Recording techniques can help a recordist to discover their personal preferences when trying to achieve a sonic goal. By starting off with well known techniques you will begin to develop these preferences, eventually tweaking them to suit your source and room for even better results. Below are some good starting points for both mono and stereo recordings.
Recording with a single microphone is a fairly simple process. You will need to assess your capturing objectives before placing any microphones. Below are some mono recording techniques to help you achieve different capture results.
Close miking is a recording technique in which a microphone is placed relatively close to a source to reduce the influence that a room has on the audio capture. This technique is often described as being dry or dead sounding, as the source volume greatly outweighs the volume of room reverberations. The philosophy is that reverb or delay can be tastefully added and adjusted separately from the dry signal, allowing for more control in achieving a desired sound. This technique is particularly useful when a less than desirable recording environment limits your options. It is also useful when recording multiple sources to minimize bleed between the microphones. Frequency response can be affected by close miking, especially in directional microphones like cardioids. Close miking with a cardioid microphone results in a frequency boost in the low-mid range? which can be used strategically to thicken up a source. Often this close proximity effect adds unwanted muddiness to your audio, so be aware. The proximity effect is unlikely to ruin your audio beyond repair, as it can be reigned in with EQ via post processing or in the signal chain before even reaching your DAW.
Distant miking is essentially the inverse of all the advantages and disadvantages that come with close miking. The resulting audio picked up by a distant microphone tends to be more natural and ambient. This is particularly desirable when the room that the source is being recorded in fits the recordist so sonic goals. The proximity effect is not a factor for distant miking either, which should mean less problem solving with EQ. Instrument bleed may however limit you with distant miking if you plan to record multiple sources at once.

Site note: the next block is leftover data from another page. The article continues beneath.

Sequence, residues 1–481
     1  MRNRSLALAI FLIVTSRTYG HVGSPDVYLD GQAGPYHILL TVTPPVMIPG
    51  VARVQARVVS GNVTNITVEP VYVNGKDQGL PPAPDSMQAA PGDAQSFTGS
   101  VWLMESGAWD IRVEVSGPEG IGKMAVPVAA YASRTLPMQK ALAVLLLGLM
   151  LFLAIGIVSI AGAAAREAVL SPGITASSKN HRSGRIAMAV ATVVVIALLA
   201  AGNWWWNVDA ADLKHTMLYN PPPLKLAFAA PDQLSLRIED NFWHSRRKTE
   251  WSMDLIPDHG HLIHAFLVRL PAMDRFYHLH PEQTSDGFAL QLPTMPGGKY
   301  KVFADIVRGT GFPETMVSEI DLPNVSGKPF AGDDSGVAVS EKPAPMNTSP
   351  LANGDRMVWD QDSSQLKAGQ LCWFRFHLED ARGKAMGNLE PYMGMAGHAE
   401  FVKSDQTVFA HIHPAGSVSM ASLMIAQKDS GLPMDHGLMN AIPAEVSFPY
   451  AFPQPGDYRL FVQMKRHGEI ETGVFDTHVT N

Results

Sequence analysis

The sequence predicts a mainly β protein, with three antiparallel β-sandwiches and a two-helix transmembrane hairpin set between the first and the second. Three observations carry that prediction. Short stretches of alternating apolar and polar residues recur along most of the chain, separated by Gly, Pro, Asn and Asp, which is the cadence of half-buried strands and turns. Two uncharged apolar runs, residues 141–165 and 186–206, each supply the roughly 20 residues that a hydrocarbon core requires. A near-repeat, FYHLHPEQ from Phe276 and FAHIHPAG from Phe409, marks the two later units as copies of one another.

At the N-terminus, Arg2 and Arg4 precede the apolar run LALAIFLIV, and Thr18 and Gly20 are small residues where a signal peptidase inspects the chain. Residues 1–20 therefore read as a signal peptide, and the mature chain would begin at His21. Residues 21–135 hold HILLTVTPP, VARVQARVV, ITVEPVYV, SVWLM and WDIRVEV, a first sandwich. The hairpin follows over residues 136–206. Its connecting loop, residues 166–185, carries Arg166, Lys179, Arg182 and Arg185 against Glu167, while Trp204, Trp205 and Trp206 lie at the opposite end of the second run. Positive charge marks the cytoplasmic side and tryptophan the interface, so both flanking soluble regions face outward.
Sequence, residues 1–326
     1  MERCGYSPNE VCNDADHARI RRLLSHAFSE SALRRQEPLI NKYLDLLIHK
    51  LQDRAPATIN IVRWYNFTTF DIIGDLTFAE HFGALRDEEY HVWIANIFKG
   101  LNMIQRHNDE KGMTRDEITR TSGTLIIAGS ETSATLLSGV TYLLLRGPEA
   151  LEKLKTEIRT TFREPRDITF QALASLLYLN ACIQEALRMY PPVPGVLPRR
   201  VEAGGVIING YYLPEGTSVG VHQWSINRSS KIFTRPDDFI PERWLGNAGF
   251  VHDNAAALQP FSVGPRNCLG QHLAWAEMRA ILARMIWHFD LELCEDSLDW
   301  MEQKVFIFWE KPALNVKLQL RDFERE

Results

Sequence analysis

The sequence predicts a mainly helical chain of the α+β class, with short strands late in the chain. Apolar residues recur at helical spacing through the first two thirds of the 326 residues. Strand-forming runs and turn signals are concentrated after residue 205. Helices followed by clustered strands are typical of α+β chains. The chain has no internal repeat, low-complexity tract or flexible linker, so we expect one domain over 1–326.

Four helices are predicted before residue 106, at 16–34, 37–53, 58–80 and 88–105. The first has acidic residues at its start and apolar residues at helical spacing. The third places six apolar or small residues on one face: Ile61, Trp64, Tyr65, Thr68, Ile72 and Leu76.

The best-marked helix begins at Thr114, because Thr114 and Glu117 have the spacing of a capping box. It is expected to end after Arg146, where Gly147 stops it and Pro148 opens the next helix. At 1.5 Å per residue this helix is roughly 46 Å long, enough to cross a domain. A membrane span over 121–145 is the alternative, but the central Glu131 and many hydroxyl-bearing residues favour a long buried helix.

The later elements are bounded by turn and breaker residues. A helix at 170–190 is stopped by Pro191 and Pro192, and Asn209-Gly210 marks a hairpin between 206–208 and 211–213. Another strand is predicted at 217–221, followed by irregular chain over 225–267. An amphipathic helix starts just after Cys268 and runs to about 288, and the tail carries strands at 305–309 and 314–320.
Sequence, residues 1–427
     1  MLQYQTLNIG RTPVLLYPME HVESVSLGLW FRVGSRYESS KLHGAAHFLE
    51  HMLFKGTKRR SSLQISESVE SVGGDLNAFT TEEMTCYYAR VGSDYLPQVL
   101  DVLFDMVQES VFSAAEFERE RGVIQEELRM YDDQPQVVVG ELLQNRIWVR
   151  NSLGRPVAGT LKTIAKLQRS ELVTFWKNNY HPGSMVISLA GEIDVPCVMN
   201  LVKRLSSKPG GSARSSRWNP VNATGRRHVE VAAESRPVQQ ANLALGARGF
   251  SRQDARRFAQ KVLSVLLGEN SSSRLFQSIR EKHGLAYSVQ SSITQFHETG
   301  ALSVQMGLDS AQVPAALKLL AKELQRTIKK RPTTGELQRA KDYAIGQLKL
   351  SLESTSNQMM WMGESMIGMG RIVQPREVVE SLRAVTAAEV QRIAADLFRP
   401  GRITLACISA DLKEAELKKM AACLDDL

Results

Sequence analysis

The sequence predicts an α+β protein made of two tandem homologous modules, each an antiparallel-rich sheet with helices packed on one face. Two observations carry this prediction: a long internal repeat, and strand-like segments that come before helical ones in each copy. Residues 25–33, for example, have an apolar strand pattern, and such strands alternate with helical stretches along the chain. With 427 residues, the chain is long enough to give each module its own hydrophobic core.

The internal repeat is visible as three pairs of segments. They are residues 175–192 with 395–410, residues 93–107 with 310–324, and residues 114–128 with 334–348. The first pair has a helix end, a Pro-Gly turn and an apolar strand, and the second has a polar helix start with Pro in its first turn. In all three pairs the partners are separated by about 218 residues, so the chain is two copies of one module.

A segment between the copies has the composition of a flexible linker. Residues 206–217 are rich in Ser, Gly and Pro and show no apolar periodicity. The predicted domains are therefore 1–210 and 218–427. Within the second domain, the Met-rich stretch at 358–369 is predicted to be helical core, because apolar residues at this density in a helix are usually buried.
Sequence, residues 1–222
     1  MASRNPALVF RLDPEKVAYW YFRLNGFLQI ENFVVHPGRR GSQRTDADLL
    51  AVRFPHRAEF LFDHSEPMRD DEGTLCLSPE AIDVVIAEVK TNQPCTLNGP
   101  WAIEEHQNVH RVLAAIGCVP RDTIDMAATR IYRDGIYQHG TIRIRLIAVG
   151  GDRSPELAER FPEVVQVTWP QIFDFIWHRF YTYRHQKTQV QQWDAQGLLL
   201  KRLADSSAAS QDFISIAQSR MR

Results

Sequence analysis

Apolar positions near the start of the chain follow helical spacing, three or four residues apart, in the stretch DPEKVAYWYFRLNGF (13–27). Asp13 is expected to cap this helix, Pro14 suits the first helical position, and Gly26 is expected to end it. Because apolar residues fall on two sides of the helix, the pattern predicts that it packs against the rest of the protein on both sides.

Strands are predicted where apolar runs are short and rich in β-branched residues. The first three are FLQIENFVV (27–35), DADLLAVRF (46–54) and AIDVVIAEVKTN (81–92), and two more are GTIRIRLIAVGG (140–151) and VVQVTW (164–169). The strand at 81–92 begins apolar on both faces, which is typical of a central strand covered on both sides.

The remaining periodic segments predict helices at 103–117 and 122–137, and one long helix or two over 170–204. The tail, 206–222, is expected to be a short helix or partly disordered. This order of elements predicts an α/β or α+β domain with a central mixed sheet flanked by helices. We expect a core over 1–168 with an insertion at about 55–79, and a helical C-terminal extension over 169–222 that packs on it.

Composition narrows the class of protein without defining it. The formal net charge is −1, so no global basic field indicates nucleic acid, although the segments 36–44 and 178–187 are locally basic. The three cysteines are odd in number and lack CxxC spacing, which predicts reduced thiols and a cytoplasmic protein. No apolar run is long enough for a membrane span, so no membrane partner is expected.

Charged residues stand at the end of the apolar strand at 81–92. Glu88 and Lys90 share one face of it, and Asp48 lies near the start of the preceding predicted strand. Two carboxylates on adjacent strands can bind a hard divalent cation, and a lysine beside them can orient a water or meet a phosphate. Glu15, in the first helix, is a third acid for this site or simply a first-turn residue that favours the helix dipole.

Room miking is much like distant miking in that the ambience of the room is part of the desired sound to be captured. The main difference in room miking is that the volume of the ambience should be louder than the volume of the actual source. This balance gets easier to achieve the larger the room gets. Instrument bleed into a room microphone may cause problems when simultaneously recording different sources, especially when the room sound is intended for a specific source.
Overdubbing is the process of recording one or a group of instruments onto an existing recording. A musician can monitor and play to any existing tracks in the session. These existing tracks should be balanced in a way that the musician can perform with accuracy and emotion. The microphone type and polar pattern of a new source recording should compliment any existing tracks that you have recorded in the session, making the newly recorded source fit into the mix with ease. Eventually, all of these layers of overdubs will add up to a complete arrangement. Today, it is common for a studio recording to be created through overdubbing as less sources need to amalgamate into the perfect performance. With that being said, what’s gained in tweak-ability may be lost in terms of groove as recording using overdubs may never create the unique vibe of a group of musicians performing simultaneously in the same room.
Recording with more than one microphone exponentially complicates the recording process with every added microphone. This is partially due to a phenomenon known as phase cancellation. Phase cancellation is when the same sound arrives at two or more microphones at slightly different times, causing a sound of incoherency when blended together. When you have been a recordist for some length of time, the sound of an out of phase microphone or microphones will be easily diagnosed. This sensory feedback will develop the more you hear the negative effects that phase cancellation has on your recordings. Phase cancellation is often described as a thin or weak sound. The best way to check if any two microphones are in phase with each other is to listen to them in mono. Two wide panned microphones of one source may be completely out of phase, but it may be less obvious for you to hear when they are coming from two different locations in the stereo field. By checking these two microphones in mono, it should be apparent to you whether or not they are in phase, or if they need to be adjusted. In extreme cases, phase can be adjusted by reversing the polarity of one of the microphones. More often than not, this solution can fix the phase problems you are having. Sometimes phase cancellation will be less drastic but will still causing audible issues. In this circumstance the recorded stem files can be manually lined up in your DAW, matching the signal peaks and valleys of both files as close as possible.